He started interviewing people and found their stories became the real heart of the blog.  Of course, he thanks the community of readers and participants, because without them, he has nothing.

The rest of the book–425 pages–collects the photos and the stories. (more…)

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00011SOUNDTRACK: PHOSPHORESCENT-Tiny Desk Concert #153 (September 1, 2011).

phospI know Phosphorescent from a Newport Folk Festival Concert a number of years ago.  I remember liking the show, although I feel a little disappointed by this Tiny Desk Concert.  This show is just Matthew Houck and his guitar.

The blurb says that Phosphorescent specializes in “free wheeling weariness.”  And that seems to be true.  It also says that Houck’s voice is weary after a lengthy tour and could barely speak which made his voice sound even more weary.  Phosphorescent was wrapping up months of touring and Houck could barely talk, let alone sing solo for 20 minutes on camera. We quickly hooked him up with as much herbal tea as we could find and coaxed that crooked croon back to life.

I found all four songs to be pleasant and, yes a little weary-filled.

I know that Phosphorescent is basically a solo project for Houck.  but when I heard the Newport Folk festival show back in 2013, he had a full band with him.  And I think the fuller sound made his songs sound, well, fuller.

“My Dove, My Lamb” is a pretty song, gently picked with a rather lovely sound and good lyrics.  After “We’ll Be Here Soon” he says that  “The Mermaid Parade” is in the same key with a lot of the same chords, “I’m okay with that if you are.”  The songs do sound rather similar. Before “Los Angeles” he says he has a new guitar with new tuning.  I can’t iamgine what he means by that.  Is he playing all of his sings with the strings tuned differently?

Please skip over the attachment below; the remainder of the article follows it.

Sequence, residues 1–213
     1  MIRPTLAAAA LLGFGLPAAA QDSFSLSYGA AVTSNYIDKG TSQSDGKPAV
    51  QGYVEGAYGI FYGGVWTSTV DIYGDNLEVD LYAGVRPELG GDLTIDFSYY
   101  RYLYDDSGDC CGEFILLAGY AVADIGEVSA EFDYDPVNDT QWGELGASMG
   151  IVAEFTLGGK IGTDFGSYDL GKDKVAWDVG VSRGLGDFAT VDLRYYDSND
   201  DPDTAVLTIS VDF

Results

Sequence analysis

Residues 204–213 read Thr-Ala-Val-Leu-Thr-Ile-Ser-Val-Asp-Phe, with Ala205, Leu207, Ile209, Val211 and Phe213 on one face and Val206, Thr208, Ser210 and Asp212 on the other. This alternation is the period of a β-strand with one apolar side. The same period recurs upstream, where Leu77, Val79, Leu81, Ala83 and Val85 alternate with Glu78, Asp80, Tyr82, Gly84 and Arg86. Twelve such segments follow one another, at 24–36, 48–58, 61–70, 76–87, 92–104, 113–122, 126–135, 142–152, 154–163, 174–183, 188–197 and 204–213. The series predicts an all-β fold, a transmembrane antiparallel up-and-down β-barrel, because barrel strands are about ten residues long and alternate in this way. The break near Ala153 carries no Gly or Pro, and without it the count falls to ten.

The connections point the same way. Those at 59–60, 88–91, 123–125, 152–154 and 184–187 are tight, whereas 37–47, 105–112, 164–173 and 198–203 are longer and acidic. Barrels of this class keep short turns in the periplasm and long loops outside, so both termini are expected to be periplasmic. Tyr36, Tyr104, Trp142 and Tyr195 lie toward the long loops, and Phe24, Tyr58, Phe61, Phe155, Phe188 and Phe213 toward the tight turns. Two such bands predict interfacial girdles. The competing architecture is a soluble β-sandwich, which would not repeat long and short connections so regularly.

All four songs were pleasant, but they didn’t make me want to get his record.

[READ: January 26, 2016] “The Packaging (and Re-packaging) of a Generation”

Since I found the essay by David Lipsky in the recent Harper’s I decided to see if he had written anything else for Harper’s over the years.  In fact he hadn’t, but they had excerpted a portion of a book that he co-wrote, Late Bloomers: The Declining Prospects of the Twentysomething Generation.  Interestingly, on Amazon, only Alexander Abrams is listed as an author, but only Lipsky’s bio is given )no respect for Gen X).  Of course, the book is only available used since it is 22 years old, but as the slackers say, whatever.

Back in the 90s I read an enjoyed a lot of books about my generation–Gen X–from insightful commentary to parody.  And I’m somewhat surprised that this one missed my radar–although the title is a bit of a downer, let’s be fair.

The Publishers Weekly Review from back then states “In this sweeping and often dull analysis,” but for what it’s worth I found this excerpt to be pretty interesting.  Now if that could be sustained for 224 pages is something else entirely. (more…)